Senior Software Developer at Copperleaf Technologies

Walking past the theatre yesterday, I saw they were showing

# THOR 3D

I laughed out loud, and continued walking.  But thinking back over the last year or two, I can make the obvious  observation that every movie titled

# <insert title here> 3D

is on the same intellectual plane as THOR 3D.  These movies are self-declared unintelligent!  Tough, perhaps THOR 3D deserves more Ds.  I propose this as a rating system for film festival lovers, and I think THOR 3D should be renamed to

# THOR 10D

Recently I caught the geometric bug from Matt DeVos, when he showed an open faced icosahedron made of sticks and elastic bands.  Since then most of my free time has has been occupied by attempts to improve the icosahedron (the model of it, rather).  What began with a little model made of toothpicks and elastic bands, has evolved into hundreds of dollars in materials and tools, a special tool for making the icosahedron (and other shapes), and several sculptures.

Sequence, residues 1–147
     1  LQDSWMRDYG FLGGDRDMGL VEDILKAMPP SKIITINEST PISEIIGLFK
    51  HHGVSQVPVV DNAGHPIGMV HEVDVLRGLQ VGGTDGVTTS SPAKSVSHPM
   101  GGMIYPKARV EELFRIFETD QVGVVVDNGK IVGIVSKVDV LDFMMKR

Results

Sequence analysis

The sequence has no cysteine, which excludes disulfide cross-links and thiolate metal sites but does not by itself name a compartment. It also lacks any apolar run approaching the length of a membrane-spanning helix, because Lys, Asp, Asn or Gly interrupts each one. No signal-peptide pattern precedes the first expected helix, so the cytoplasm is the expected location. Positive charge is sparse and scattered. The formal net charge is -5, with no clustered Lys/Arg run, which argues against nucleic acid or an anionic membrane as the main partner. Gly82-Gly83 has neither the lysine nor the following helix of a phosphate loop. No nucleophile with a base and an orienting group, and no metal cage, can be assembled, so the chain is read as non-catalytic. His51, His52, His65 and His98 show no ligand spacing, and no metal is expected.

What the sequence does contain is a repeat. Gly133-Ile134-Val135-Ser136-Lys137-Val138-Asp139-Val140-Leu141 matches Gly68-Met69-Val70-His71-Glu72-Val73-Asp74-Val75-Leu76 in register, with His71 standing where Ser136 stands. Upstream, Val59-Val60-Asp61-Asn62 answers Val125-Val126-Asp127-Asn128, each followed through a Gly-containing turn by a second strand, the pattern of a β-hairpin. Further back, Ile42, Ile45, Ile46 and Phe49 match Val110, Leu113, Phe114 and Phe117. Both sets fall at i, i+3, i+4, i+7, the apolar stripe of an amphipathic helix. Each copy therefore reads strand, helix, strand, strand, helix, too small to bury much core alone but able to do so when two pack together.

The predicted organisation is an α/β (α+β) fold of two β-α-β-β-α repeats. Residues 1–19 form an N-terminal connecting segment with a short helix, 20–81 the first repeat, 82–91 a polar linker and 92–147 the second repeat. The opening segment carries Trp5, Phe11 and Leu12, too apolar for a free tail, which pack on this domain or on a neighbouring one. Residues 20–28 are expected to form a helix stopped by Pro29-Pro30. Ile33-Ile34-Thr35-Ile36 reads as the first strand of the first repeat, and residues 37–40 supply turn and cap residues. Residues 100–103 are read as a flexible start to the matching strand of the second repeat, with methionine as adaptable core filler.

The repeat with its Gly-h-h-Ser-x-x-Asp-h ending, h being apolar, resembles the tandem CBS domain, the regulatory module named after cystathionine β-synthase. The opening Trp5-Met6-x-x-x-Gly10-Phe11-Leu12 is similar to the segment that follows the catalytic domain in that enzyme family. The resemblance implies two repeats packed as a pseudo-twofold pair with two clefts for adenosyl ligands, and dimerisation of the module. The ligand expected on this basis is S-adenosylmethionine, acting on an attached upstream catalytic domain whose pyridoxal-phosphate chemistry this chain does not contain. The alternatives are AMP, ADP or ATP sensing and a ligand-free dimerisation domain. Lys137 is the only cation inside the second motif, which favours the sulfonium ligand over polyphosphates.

The sculpture in this video, which is a bird feeder at the time of this writing, is three shapes in one.  The inner two are an icosahedron, which I built first, and a dodecahedron, which I attached to the edges of the icosahedron for support.  They are permanently fastened together, their inside is painted silver, and their respective outsides are painted red and black.  The outer icosahedron was built later, and then opened up to insert the dual pair.

I'm not sure what is going on with the optical illusion, but everyone I have shown the video to has trouble seeing that the outer and inner parts are often spinning in opposite directions, even when I'm in the shot moving them with my hands.